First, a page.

The Woman’s Suffrage Centennial

Winning the Vote

Jeanette Pickering Rankin of Montana, which had granted women suffrage in 1914, was the first woman elected to Congress. Rankin introduced the legislation for the 19th Amendment in 1919. That spring it was passed by the House and Senate and sent to the states for ratification. A broad coalition of women’s groups united under suffragists to campaign for ratification. 

In Connecticut, anti-suffrage Republicans controlled the General Assembly and the governor’s office. In 1919 the legislature adjourned before the U.S. Congress ratified the 19th Amendment; they were not scheduled to meet again until January 1921.  Despite calls for Governor Marcus Holcomb to hold a special session, he refused to call one, claiming that ratifying the 19th Amendment was not an important enough reason. 

The Connecticut Woman Suffrage Association brought in women from all 48 states to push for a special session to vote on ratification. The governor finally caved to the pressure. The state legislators took control of the session and ratified the amendment three times, just to be sure that their vote was not called into question. 

Connecticut became the 37th state to ratify the amendment in September 1920 – less than a month after Tennessee became the 36th, which was the required number of states needed for adoption into the U.S. Constitution. Although the fight for women’s suffrage appeared to have concluded with Tennessee’s ratification, that vote was later challenged in the U.S. Supreme Court, putting the amendment’s passage in jeopardy. Connecticut’s subsequent ratification ensured that the necessary number of states supported suffrage, finally providing 26 million American women with the right to vote.

Catherine Flanagan Delivers Connecticut’s Ratified 19th Amendment to the State Department

Catherine Flanagan (1888-1927) of Hartford was a passionate supporter of women’s suffrage who had been arrested for protesting at the White House. As one member of the CWSA said of her following her arrest, “We are indeed in a sad state of affairs in this country when the government uses its strong arm to protect disorderly mobs in their cowardly assault upon American women, who are still fighting after 50 years for a principle which was held to be a self-evident truth nearly a century and a half ago: namely that governments derive their just powers from the consent of the governed.”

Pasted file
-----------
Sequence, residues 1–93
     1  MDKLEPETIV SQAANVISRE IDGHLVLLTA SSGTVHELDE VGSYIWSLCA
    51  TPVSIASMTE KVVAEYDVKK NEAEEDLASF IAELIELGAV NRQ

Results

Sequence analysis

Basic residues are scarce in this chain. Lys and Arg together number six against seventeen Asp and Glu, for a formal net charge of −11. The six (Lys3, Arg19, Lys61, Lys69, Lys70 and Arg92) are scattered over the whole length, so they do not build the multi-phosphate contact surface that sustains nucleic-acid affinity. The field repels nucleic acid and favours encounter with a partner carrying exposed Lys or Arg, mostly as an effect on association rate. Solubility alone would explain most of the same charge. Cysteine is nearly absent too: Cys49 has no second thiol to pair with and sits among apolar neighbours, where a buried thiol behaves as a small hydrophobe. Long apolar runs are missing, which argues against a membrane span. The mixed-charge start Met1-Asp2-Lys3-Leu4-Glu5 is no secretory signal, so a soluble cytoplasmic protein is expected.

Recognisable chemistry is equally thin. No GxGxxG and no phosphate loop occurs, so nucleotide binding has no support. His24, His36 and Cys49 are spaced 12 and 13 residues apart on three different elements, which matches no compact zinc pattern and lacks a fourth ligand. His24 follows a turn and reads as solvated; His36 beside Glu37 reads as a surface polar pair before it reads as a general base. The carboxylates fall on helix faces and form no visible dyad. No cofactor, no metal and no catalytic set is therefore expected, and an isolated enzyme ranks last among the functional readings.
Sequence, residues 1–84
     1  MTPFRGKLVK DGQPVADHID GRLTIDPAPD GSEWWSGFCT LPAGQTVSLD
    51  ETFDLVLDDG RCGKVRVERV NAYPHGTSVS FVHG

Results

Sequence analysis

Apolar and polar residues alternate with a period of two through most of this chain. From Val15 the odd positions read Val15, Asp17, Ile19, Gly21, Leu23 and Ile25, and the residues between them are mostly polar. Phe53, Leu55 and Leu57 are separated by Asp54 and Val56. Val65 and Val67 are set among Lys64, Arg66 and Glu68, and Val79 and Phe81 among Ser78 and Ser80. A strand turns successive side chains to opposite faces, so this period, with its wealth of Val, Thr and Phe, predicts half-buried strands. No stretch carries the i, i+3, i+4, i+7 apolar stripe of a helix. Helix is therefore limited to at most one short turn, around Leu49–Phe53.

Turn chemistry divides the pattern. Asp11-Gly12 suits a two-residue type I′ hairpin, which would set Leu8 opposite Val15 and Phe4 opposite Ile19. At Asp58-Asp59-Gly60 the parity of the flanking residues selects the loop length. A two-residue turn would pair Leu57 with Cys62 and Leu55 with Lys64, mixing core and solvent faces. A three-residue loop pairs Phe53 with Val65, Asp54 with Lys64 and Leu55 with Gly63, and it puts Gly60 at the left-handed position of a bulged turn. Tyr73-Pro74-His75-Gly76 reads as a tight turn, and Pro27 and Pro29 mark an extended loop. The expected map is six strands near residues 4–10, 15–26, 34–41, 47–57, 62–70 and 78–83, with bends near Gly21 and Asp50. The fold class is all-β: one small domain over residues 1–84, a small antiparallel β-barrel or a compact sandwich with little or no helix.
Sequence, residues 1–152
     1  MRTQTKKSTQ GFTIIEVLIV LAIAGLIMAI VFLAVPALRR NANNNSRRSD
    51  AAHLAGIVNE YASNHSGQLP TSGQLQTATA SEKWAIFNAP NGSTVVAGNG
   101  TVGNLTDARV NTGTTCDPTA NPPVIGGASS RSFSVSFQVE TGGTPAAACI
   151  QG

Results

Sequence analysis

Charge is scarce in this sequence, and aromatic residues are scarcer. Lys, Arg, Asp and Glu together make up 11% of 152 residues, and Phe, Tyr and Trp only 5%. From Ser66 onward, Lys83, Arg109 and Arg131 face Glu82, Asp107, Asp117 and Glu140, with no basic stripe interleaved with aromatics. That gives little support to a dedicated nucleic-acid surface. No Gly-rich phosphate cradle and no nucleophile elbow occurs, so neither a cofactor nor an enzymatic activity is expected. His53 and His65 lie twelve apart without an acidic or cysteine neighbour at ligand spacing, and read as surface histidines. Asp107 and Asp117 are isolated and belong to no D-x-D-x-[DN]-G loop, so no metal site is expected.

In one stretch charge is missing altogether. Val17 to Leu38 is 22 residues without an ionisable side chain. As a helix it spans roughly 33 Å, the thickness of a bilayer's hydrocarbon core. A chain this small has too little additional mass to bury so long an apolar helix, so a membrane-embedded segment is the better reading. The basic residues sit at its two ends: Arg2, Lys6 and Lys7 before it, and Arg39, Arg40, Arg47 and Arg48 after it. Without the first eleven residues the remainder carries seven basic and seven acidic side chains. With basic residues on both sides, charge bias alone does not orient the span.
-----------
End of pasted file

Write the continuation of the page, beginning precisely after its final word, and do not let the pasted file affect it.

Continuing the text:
Catherine Flanagan photographed bringing Connecticut's ratification
to the U.S. State Department
Library of Congress
“Congratulations,” Cover of Life Magazine October 28, 1920
Courtesy of Kenneth Florey

In an illustration appearing on the cover of Life Magazine, artist Charles Dana Gibson shows Columbia congratulating an American woman holding a ballot on winning the right to vote.

“Paddling Their Own Canoe,” ca. 1920
“Paddling Their Own Canoe,” ca. 1920 RG 101, State Archives,
Connecticut State Library

This political cartoon notes that the politicians in Connecticut were missing their chance to get on board with suffrage before the 19th Amendment was ratified.

Diary belonging to Helen Binney Kitchel

In this daily diary dating to 1917 to 1921 Helen Binney Kitchel, a future state representative from Greenwich, recorded her first time voting in the Presidential election on November 2, 1920. 

Diary belonging to Helen Binney Kitchel Entry dated November 2, 1920
Greenwich Historical Society, Helen Binney Kitchel Papers